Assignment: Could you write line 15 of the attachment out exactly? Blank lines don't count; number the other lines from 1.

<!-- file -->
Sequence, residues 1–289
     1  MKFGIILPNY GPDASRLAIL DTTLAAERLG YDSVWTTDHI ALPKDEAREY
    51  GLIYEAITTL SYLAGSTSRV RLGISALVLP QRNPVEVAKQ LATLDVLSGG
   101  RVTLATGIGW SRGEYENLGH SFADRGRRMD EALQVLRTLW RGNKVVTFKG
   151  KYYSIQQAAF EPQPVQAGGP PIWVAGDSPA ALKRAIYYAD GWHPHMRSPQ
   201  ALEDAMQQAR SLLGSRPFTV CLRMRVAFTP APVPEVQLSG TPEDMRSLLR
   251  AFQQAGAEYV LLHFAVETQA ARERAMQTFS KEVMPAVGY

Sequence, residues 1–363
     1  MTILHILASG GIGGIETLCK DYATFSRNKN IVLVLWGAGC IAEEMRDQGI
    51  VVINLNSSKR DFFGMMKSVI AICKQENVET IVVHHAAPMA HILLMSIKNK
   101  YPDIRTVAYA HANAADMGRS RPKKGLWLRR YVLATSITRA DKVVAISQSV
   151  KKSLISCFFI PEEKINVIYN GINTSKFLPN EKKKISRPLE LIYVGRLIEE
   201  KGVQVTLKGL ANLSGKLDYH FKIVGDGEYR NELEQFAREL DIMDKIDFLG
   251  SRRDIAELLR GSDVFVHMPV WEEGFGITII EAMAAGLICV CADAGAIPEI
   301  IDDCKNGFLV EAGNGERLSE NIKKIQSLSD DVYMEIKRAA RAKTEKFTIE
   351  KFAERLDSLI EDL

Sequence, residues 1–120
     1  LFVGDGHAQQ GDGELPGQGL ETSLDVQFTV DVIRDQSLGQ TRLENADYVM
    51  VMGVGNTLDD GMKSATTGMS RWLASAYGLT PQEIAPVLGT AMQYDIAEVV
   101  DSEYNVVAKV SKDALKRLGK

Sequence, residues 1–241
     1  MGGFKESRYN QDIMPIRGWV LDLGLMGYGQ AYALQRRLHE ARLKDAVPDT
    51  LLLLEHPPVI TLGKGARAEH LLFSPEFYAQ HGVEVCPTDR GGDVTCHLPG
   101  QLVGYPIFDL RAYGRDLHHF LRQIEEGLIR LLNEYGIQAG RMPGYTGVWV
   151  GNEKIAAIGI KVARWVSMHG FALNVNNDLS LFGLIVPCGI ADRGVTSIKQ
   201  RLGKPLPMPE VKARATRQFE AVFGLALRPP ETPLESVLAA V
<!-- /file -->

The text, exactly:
   301  IDDCKNGFLV EAGNGERLSE NIKKIQSLSD DVYMEIKRAA RAKTEKFTIE